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Source: Secretary-General
19 January 2005



New York, 19 January 2005 - Secretary-General's remarks at press conference on special session of the General Assembly to commemorate the liberation of Nazi Concentration Camps

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Q: Amb. Gillerman, the opinion in your country of the United Nations is quite low. Does this session do anything to turn that around and do you feel that, for one day at least, using your own words, are the inmates not running the asylum in that place?

And can the Secretary-General also talk about the political dynamics of this session, since it has never occurred and there have been other opportunities, and perhaps when it is all over he can talk about the oil for food indictment yesterday and what it means for the UN with someone in the UN allegedly taking money according to this official, at the end of this session.

Gillerman: Well thank you, Richard, for reminding me of that phrase, and giving me the opportunity yet again to make it very clear that when I said that I did not refer to the United Nations. It was very clear, if anybody would have read the whole text, that I was referring to the Palestinian Authority rather than the United Nations when I did say that the inmates were taking over the asylum. However, Israel regards the United Nations as a partner. It is true that it is an arena where Israel has not always enjoyed understanding, compassion and full cooperation. But we do feel that the United Nations is extremely important. We do support the Secretary-General in his efforts to lead the United Nations towards a new millennium and carry out many of the reforms which are under way, which we believe will make it a better and a stronger organization.

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Q: To follow up on a previous question. It's very often said that the Holocaust which was, as you said at the foundation of the United Nations, there was another thing that was founded in the outcome of the Holocaust, and that's the State of Israel, which is linked in the Arab world many times here at the UN to the plight of the Palestinians. Do you think that this is linked and do you think in this session, it will be linked by some of the speakers?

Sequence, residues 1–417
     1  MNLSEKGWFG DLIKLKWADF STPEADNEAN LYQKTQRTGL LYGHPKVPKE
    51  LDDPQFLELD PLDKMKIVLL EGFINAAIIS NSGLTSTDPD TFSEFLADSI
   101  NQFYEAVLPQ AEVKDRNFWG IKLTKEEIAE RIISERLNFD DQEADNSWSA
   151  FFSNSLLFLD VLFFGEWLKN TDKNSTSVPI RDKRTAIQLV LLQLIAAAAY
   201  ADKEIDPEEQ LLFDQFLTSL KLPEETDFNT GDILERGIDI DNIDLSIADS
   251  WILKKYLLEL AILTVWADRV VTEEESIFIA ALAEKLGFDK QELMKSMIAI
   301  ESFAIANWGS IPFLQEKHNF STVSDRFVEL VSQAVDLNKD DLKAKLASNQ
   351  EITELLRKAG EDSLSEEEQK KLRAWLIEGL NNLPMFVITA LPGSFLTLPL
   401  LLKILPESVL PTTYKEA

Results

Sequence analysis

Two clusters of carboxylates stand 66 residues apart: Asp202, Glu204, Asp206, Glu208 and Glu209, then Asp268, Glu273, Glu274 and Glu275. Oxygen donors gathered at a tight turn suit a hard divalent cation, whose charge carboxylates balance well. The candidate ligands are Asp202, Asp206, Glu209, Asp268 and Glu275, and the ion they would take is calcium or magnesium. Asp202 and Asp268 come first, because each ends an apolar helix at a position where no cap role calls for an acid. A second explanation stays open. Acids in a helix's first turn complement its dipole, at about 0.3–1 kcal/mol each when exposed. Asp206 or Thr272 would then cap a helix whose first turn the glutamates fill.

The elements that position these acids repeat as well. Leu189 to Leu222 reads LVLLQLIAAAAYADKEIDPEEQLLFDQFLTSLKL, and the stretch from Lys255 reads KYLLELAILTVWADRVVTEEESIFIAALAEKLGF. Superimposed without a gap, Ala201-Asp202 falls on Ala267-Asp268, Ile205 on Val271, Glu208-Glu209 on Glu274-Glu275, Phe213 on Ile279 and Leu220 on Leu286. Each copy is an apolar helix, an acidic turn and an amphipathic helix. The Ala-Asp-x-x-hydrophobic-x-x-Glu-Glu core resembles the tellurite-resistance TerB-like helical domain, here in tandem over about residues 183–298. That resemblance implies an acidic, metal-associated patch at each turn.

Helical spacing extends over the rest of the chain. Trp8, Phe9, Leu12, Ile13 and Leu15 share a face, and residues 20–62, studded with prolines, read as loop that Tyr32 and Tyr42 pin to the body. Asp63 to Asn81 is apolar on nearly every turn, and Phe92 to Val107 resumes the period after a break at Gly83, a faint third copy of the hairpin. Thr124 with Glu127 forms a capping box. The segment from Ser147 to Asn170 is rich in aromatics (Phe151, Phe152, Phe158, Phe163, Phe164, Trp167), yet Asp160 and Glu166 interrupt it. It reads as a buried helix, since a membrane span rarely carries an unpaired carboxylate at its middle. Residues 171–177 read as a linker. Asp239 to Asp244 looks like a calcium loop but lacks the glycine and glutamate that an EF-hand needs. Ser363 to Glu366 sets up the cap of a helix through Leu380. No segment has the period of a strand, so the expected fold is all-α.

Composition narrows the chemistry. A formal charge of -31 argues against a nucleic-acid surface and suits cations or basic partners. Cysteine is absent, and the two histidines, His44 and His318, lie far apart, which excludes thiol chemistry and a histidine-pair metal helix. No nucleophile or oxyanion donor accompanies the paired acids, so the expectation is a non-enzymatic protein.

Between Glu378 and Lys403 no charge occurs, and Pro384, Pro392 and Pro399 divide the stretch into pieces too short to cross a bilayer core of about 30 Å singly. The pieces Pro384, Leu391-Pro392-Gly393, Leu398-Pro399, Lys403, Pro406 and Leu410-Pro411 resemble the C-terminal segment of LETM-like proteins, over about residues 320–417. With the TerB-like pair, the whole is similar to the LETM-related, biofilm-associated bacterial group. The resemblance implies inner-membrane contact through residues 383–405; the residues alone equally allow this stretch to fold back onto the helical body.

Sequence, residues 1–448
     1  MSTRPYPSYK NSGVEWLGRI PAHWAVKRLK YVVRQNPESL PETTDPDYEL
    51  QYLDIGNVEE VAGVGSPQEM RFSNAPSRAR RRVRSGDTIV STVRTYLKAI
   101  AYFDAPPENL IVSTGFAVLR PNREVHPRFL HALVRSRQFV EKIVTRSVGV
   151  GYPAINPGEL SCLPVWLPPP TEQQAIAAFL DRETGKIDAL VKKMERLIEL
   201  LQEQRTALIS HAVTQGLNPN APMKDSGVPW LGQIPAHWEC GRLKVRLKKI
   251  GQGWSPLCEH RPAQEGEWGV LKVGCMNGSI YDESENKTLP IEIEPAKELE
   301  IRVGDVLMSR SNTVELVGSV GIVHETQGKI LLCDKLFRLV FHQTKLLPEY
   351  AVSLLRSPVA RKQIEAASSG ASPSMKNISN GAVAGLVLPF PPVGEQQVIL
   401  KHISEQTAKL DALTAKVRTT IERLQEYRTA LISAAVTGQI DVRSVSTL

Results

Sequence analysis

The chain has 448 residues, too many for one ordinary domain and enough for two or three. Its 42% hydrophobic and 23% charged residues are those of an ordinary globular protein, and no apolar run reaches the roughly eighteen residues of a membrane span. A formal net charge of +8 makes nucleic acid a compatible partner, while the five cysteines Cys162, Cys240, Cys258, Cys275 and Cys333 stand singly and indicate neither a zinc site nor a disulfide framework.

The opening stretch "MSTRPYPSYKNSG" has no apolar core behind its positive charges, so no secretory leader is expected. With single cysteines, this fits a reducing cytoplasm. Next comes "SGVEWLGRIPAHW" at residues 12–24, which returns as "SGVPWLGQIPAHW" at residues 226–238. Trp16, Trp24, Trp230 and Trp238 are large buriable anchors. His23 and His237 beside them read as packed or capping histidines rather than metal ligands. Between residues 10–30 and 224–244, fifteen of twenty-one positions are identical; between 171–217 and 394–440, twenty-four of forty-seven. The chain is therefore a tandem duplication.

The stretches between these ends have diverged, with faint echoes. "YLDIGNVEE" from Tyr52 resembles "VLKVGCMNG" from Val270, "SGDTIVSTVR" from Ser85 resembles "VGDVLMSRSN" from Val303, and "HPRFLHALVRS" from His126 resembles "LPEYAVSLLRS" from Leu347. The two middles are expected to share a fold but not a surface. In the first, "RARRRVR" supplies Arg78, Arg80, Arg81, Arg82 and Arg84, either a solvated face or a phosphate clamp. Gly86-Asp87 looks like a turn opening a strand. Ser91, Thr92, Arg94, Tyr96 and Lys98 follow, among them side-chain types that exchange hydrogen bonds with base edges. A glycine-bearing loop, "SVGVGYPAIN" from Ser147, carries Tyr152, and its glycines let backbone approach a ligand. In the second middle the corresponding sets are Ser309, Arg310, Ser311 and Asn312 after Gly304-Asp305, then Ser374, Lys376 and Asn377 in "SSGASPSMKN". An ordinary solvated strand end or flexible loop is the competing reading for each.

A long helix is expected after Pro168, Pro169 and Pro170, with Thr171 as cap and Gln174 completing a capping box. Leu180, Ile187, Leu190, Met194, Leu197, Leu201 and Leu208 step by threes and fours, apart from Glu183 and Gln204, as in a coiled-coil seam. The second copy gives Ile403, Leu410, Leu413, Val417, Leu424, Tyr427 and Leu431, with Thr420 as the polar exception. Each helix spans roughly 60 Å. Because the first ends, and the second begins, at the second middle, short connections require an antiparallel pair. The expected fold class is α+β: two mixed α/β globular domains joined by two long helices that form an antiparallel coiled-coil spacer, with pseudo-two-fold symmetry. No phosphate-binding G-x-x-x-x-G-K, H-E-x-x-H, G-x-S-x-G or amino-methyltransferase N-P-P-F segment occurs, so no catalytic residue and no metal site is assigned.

SG: I think whether I like it or not, it is linked in the minds of many people. And so it is a reality that, at the political and other levels, we need to deal with. And I don't think that this event in the General Assembly is going to necessarily de-link that issue in the minds of people.

Q: Ambassador Gillerman, in the spirit of the moment, one of the reasons for the undermining of the Palestinian-Israeli relations is this wall that you have built. Do you see this wall being dismantled very soon so that we can have a better place over there in the Middle East?

Amb. Gillerman: This security fence, which is largely a chain link fence, and in only very few percentages a wall, is one of the most effective security measures taken by Israel against this horrible phenomena of homicide bombers and terrorists. It has been incredibly effective. The number of suicide bombings has been reduced by 90 per cent. The number of Israelis killed has been reduced by 75 per cent, and those wounded by 85 per cent.

Let there be no mistake: there is a perception of calm and quiet in our region. Unfortunately that is not true. The Palestinians have so far, unfortunately not made any serious effort to stop terrorism and to dismantle the infrastructure of terrorism. The only reason there is a certain reduction is because of the effectiveness of the fence and the very sophisticated measures taken by the Israeli Defence Forces. We hope very much that, now that there is a new, hopefully more moderate and responsible Palestinian leadership, they will act against terror, will resume negotiations, and I assure you that if they do, they will find in the Israeli Prime Minister, who has very boldly and courageously initiated unilateral withdrawal from the whole of Gaza and parts of the West Bank, and the Israeli government, a very willing partner that will go with them a very, very long way towards reaching a just and long-lasting and fair settlement in our region. Once we reach that, there will be no need for a fence. Israel has taken fences off before, the last time at the specific request of the Secretary-General along the Blue Line in Lebanon. We will gladly do it again once there is no need any longer for that defensive measure. As long as there is terror we will however continue to do everything we can to protect the lives of our citizens.


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